Behavioural factors and noise trading can distort a firm’s share price. As a result, man-agers of some firms may find their firms undervalued by the capital market relative to their inside information. The question then is, how can they best signal the real value of the firm?
Healy and Palepu (HP; 1993) provided an illustration of what managers might do in response to this question. Patten Corporation 32 acquires large undeveloped tracts of land, subdivides them into lots, and sells them, with up to 90% of the financing supplied by Patten. Revenue is recognized upon sale—that is, when at least 10% of the purchase price has been received and collection of the balance is reasonably assured. This creates a potential problem of bad debt losses. However, in its 1986 financial statements, Patten provided a bad debt allowance of only $ 10,000 on accounts receivable of $ 29.4 million. The firm claimed that this low amount was justified by past experience and a low current delinquency rate.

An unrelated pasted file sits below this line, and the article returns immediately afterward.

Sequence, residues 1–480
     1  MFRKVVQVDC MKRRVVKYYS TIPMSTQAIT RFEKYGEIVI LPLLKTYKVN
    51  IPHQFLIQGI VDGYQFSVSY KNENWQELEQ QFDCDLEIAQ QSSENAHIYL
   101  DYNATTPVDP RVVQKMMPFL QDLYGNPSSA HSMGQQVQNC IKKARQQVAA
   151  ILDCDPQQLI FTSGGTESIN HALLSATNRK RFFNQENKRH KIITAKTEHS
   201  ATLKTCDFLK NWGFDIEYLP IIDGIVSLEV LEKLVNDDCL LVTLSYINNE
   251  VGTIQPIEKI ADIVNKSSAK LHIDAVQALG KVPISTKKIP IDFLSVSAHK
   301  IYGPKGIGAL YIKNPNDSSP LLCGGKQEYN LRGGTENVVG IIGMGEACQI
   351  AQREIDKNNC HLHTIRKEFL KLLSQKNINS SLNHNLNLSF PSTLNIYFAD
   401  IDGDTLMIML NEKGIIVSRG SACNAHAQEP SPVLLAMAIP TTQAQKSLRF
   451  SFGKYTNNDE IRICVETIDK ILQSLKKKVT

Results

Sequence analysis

However, concern appeared in the financial media that Patten’s bad debt allowance was too low. Specifically, the fear was expressed that past delinquency rates may not be representative of future delinquency. Patten’s share price plunged following the publication of these concerns, as investors quickly revised their beliefs about Patten’s future performance.
Patten’s management reviewed its procedures for estimating doubtful accounts and concluded that the $ 10,000 allowance was reasonable. As a result, management felt that the media article resulted in substantial undervaluation of the company’s shares.

a. Suggest three signals that management could use to convince the market of this undervaluation. For each signal, explain why the signal is credible.
b. Which of your three signals would you recommend to Patten’s management? Explain why. Your recommendation criteria should include incurring the lowest cost of releasing proprietary information.

  • CreatedSeptember 09, 2014
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